Birds have been around in art since man first picked up a twig, a brush and a plume. Captivating the imagination of early man, they began to appear on the vases of the Egyptians, copper reliefs of the Sumerians and in caves in southern France. Throughout the centuries man has studied birds, their migration patterns and has depicted them in their natural element on every surface from clay to canvas.

Bird illustrations by Miles McMullen

McMullan’s 2010 book quickly became one of the most accessible guides to Colombian birds.

Impressionists such as Henri Matisse, Marc Chagall and Edouard Manet immortalized pigeons, sparrows and parrots very much like the taxidermists of Victorian London did. And taxidermy often provided a great source of wealth for naturalists and bird illustrators who needed to capture precise detail when elaborating their lithographic plates.

“When artists start doing birds, they get obsessed with them,” claims Roberta Olson, the art curator of a recent exhibit in New York of John James Audubon’s watercolors.

Miles McMullan doesn’t consider himself to be the obsessive bird type, but he understands why people travel to great lengths to see certain species. As a young boy growing up in 70s Belfast, Miles would lock himself in the family greenhouse to feel the rising heat and imagine he was combing through some Amazonian rainforest, exploring exotic lands and coming in contact with Indian tribes.

What might have stayed a childhood fantasy materialized for Miles when, after graduating from the Art College at the University of Ulster, he headed south to Venezuela where he had a job waiting for him teaching art at the University of Merida.

In the late 80s and throughout much of the 90s, Venezuela had a longstanding history with bird watching. Foreigners from all over the world would fly there to climb the tepuis of the Gran Sabana, or head down the Orinoco. During the 10 years Miles lived in Merida, he started illustrating his first series of birds, yet when his tenure ended at the University, he decided that Ecuador was a more livable place and for many foreigners, keen on exploring the surrounding countryside, safer.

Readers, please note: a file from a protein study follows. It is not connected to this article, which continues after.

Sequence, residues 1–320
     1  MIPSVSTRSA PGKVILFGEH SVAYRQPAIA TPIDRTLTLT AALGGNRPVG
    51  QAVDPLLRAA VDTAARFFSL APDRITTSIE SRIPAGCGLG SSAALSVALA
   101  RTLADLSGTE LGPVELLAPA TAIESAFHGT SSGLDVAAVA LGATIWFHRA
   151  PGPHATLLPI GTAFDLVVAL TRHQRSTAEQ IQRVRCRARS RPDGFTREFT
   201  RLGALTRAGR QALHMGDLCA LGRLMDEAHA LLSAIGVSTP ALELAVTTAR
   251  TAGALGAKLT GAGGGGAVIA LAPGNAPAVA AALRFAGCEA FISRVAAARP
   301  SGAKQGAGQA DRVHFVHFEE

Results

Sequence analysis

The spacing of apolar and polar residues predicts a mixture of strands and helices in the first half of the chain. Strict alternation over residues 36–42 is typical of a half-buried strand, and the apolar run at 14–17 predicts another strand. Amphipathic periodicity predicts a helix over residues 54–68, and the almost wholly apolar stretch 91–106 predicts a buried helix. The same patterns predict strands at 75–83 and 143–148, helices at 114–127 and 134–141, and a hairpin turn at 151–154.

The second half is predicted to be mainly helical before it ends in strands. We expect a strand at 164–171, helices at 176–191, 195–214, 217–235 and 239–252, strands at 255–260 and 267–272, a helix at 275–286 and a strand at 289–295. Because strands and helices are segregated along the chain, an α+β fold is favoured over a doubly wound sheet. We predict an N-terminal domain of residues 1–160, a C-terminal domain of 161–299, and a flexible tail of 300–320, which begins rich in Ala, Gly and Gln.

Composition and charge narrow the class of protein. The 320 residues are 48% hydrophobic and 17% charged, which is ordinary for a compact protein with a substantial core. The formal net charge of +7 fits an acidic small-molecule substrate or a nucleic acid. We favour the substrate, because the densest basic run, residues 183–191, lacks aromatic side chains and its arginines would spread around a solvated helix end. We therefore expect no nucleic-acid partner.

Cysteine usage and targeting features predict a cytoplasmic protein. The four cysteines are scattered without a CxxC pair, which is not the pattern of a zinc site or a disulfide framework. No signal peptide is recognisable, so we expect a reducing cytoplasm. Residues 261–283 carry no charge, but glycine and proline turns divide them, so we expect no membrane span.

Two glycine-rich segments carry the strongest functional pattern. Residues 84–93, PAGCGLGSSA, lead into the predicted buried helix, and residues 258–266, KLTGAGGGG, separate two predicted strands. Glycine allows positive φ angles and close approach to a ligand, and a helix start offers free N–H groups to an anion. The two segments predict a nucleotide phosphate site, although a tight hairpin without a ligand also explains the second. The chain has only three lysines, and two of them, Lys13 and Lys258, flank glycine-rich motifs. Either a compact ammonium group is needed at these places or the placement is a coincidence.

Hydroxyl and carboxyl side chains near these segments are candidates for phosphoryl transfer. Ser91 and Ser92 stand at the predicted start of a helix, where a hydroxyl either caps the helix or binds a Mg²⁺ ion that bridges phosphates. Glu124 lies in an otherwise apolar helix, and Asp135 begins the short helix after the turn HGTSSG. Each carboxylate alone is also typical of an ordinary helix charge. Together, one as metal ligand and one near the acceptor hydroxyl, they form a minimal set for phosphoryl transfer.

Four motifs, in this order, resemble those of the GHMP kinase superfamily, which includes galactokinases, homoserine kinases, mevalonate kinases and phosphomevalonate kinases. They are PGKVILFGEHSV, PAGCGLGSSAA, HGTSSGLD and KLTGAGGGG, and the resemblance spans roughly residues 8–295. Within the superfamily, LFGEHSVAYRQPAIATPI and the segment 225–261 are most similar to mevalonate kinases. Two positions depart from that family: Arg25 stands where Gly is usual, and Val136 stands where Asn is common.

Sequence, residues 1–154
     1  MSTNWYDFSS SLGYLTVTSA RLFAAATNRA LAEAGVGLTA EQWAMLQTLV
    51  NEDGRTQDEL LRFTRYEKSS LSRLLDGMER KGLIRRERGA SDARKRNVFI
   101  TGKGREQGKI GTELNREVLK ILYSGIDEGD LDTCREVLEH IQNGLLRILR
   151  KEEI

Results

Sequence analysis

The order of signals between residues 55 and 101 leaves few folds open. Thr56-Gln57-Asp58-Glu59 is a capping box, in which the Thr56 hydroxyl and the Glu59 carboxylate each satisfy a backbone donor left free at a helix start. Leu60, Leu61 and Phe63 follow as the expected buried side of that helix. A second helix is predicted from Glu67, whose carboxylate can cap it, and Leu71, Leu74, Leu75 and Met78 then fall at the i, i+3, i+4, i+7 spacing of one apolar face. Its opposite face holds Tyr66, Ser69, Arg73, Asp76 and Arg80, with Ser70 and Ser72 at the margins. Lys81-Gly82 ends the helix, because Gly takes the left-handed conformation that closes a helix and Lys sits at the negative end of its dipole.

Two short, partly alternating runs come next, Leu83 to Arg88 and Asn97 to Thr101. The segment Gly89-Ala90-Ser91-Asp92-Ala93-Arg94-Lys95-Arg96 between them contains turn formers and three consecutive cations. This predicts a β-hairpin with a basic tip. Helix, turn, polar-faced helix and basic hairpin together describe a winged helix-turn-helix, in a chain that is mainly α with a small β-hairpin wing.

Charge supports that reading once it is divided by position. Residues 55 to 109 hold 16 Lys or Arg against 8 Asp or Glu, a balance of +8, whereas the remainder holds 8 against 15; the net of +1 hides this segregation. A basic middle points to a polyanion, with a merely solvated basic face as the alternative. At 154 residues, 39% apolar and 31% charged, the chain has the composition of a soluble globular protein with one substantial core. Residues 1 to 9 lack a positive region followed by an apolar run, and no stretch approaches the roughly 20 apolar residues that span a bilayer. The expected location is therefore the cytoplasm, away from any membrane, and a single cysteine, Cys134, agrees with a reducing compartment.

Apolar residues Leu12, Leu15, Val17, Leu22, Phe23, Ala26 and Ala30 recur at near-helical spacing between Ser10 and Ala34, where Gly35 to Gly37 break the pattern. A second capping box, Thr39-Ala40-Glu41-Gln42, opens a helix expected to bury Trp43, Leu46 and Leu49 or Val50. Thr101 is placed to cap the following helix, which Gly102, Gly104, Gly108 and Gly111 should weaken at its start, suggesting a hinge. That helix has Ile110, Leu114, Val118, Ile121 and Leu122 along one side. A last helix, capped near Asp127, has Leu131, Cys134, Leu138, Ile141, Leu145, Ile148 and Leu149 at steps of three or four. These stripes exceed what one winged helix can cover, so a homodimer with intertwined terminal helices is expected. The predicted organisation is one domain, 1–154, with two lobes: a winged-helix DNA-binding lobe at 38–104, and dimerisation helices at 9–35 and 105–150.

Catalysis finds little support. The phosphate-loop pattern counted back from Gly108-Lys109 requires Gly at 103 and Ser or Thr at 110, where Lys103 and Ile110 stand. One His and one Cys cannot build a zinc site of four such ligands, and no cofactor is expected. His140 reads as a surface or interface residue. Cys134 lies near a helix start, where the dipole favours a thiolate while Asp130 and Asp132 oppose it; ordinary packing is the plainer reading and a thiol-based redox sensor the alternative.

Although Colombia is the country with the greatest variety of birds in the world – some 1,871 species and counting – and one of the richest in terms of biodiversity, during much of the mid 90s the internal conflict and rash of kidnappings kept tourists and especially birders away. “Birders tend to be attracted to areas that are unexplored,” says Miles, reflecting how the security issue for ornithologists and birders in Colombia has improved dramatically since 1998 when four American birdwatchers looking for a rare antpitta were snared by the FARC.

While avid birders avoided traveling to Colombia and coming face to face with the FARC, Ecuador and the Galapagos islands provided Miles the opportunity to undertake a series of illustrations in watercolor which were commissioned by publishers and ecolodge operators eager to explain to their international guests what kind of avian life existed around them.

From the Amazonian basin to the mountains of Peru, Miles McMullan embarked on many expeditions and soon became a prolific illustrator of birds and mammals. As a guide of birders through much of Ecuador, the artist began making a living with his books. “I had to consult with biologists and naturalists,” says the artist. “Nobody knows even half of what’s out there. In Colombia, there is so much still unexplored.”